Canadian Retail Sector Sees Two-Month Decline


Retail sales in Canada declined for a second consecutive month in February, falling short of expectations, according to data released on Wednesday. This decline was attributed to reduced sales at gas stations and fuel suppliers.

Statistics Canada reported a 0.1% drop in retail sales for February, following a 0.3% contraction in January. The agency indicated that a preliminary estimate suggested sales were likely to remain unchanged in March.

The consecutive decline in retail sales over two months highlights the ongoing economic challenges exacerbated by high interest rates. Analysts surveyed by Reuters had anticipated a 0.1% increase in retail sales for February.

While the Canadian economy managed to achieve positive GDP growth in January and is projected to maintain this trend in February, the growth has been sluggish as both consumers and businesses struggle with interest rates nearing a 23-year high.

The Bank of Canada opted to maintain its key overnight rate at 5% earlier this month for the sixth consecutive time while signaling the possibility of a rate cut in June. Market sentiment suggests that there is an even chance of a rate reduction in June, while a 25 basis point cut in July is fully anticipated.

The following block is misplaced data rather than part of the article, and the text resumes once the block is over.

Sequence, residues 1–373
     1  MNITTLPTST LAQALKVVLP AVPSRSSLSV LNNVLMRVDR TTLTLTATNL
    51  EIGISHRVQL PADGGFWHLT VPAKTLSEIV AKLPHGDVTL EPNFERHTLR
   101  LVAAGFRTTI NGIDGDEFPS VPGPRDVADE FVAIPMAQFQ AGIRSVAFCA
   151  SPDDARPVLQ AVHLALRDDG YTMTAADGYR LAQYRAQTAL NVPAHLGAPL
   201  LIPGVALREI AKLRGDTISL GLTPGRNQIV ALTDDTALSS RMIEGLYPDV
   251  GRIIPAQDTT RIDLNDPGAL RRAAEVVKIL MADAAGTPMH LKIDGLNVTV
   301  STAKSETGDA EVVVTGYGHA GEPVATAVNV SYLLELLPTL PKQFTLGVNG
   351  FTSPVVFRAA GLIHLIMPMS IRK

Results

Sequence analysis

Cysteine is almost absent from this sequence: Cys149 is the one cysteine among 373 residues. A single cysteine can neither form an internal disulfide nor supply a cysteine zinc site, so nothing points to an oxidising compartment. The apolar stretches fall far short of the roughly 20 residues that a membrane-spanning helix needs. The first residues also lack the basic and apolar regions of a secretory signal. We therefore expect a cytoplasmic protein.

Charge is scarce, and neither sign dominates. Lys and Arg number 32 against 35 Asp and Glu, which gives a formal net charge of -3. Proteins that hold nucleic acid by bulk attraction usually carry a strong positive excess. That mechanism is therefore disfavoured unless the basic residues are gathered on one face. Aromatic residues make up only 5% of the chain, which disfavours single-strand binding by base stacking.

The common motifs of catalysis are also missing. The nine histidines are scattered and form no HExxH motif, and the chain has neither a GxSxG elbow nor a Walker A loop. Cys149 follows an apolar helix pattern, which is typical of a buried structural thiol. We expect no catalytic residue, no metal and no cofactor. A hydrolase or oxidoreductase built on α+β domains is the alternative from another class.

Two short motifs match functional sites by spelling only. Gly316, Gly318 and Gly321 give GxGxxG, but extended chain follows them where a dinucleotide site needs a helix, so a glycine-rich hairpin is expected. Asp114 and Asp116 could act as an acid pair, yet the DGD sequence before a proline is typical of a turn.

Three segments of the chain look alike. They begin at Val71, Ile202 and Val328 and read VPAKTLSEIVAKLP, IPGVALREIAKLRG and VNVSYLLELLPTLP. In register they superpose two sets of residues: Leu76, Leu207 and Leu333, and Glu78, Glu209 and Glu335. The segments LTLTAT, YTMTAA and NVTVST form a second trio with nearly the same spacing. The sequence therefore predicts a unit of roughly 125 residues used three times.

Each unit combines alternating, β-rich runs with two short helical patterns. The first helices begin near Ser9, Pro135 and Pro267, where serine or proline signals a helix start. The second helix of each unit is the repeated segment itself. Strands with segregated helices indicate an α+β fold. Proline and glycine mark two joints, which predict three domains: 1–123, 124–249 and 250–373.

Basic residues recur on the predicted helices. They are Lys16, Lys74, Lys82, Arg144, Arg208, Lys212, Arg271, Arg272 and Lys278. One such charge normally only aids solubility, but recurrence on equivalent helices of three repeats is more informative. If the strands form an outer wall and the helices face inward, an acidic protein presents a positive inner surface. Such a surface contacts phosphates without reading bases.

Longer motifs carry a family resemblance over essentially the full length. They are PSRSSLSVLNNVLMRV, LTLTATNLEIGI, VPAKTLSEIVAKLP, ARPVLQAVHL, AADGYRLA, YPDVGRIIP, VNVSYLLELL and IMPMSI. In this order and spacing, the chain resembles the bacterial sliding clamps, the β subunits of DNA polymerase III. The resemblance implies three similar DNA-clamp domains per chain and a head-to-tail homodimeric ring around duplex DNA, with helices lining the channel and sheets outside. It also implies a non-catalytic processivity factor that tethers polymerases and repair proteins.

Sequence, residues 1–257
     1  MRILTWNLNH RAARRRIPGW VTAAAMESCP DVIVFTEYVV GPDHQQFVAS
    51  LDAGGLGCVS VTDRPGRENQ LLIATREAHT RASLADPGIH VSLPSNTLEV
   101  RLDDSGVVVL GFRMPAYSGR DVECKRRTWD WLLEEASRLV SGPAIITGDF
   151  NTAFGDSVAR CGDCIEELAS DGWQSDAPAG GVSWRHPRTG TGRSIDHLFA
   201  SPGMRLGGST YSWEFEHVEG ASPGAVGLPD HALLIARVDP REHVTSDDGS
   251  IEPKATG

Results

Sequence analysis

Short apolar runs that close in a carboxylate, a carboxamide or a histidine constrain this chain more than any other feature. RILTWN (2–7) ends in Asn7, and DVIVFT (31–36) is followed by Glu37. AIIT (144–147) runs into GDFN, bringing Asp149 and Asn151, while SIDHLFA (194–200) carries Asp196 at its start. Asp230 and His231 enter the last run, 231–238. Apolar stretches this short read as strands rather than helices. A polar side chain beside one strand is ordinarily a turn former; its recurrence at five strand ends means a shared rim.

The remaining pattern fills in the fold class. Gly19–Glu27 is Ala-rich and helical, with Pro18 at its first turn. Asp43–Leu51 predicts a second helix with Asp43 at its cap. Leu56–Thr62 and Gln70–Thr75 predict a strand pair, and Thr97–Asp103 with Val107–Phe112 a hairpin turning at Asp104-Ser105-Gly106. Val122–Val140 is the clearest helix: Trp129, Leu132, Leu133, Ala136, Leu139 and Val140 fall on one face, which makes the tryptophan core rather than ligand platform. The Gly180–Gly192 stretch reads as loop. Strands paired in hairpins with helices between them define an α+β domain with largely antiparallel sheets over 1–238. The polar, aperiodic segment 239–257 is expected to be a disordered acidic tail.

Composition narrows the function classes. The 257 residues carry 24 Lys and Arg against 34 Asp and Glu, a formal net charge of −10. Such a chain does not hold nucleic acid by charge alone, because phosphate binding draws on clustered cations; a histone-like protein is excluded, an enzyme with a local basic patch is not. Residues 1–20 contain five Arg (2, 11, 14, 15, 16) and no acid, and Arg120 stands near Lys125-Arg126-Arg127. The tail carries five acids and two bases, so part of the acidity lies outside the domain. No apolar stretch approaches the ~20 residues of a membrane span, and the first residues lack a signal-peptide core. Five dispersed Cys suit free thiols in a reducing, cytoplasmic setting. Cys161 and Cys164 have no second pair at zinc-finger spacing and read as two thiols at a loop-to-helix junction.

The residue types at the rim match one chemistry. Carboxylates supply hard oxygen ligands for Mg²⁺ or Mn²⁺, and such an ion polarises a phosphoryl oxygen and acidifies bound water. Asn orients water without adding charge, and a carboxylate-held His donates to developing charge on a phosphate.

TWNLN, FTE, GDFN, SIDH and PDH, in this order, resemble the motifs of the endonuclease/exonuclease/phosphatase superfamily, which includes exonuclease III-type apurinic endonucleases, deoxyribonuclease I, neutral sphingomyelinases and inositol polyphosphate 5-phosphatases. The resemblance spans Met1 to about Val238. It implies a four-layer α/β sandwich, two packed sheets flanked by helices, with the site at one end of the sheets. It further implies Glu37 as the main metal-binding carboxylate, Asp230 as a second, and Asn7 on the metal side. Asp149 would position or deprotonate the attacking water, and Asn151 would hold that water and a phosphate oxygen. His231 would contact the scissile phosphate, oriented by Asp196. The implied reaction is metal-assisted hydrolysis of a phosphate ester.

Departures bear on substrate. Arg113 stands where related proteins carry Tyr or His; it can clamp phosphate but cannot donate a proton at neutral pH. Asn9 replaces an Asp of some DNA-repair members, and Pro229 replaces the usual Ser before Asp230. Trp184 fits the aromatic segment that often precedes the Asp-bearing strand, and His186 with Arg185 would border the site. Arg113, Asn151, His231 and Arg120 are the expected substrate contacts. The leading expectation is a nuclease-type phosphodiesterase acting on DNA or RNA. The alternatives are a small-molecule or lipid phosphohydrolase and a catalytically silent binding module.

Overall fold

Following the release of retail sales data, the Canadian dollar experienced a slight weakening. Canada's annual inflation rate climbed to 2.9% in March; however, core price pressures, closely monitored by the central bank, declined for the third consecutive month.

Since January, inflation has consistently stayed below 3%, remaining within the Bank of Canada's target range between 1% and 3%. The bank aims to maintain inflation at 2%, which sits at the midpoint of the range.

While car sales transactions, representing over a quarter of total sales (the largest segment), saw a 0.5% increase, the overall volume was dampened by widespread declines across several subsectors, as reported by the statistics agency.

Sales in the retail sectors of furniture, household goods, electronics, clothing and accessories, and building materials all experienced declines.

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